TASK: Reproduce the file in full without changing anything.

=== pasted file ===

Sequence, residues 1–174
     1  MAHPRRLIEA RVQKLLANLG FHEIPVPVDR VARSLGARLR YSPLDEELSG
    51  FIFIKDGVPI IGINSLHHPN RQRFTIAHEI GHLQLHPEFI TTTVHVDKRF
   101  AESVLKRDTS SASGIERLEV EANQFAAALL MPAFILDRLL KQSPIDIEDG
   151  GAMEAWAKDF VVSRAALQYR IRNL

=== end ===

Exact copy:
Sequence, residues 1–174
     1  MAHPRRLIEA RVQKLLANLG FHEIPVPVDR VARSLGARLR YSPLDEELSG
    51  FIFIKDGVPI IGINSLHHPN RQRFTIAHEI GHLQLHPEFI TTTVHVDKRF
   101  AESVLKRDTS SASGIERLEV EANQFAAALL MPAFILDRLL KQSPIDIEDG
   151  GAMEAWAKDF VVSRAALQYR IRNL